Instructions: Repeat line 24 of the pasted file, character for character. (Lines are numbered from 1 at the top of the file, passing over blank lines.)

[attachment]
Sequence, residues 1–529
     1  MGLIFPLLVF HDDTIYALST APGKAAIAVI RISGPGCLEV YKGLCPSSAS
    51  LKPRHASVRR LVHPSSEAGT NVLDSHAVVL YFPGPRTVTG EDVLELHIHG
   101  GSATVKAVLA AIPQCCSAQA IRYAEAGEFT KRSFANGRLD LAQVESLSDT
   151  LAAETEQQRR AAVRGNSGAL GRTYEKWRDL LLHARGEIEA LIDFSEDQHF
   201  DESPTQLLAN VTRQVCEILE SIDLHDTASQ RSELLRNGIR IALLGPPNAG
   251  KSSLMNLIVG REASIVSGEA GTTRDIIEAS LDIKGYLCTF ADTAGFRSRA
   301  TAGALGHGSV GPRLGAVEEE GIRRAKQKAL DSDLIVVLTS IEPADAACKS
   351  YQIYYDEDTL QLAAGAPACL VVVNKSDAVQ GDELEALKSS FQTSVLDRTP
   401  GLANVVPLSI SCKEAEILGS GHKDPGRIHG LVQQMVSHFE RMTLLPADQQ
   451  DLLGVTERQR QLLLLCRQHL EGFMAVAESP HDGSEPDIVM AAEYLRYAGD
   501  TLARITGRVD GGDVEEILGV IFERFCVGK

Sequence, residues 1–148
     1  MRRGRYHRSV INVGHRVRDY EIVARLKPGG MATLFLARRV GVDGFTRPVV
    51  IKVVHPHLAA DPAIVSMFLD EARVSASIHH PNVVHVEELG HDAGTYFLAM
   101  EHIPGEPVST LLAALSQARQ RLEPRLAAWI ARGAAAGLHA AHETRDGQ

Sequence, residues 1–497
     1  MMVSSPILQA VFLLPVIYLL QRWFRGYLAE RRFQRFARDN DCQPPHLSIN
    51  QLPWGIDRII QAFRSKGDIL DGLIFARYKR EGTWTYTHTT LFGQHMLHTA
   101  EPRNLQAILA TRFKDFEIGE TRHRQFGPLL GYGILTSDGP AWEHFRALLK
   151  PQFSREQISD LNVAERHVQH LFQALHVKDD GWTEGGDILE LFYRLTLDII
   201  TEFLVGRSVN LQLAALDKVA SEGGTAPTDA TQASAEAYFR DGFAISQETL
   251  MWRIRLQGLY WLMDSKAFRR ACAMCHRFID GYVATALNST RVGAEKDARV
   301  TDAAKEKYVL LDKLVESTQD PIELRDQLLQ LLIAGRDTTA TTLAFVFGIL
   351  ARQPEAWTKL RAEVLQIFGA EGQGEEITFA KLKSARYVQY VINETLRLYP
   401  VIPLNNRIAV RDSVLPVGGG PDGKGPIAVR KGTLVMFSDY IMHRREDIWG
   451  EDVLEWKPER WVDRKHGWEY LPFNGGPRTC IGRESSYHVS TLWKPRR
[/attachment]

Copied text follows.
   301  TDAAKEKYVL LDKLVESTQD PIELRDQLLQ LLIAGRDTTA TTLAFVFGIL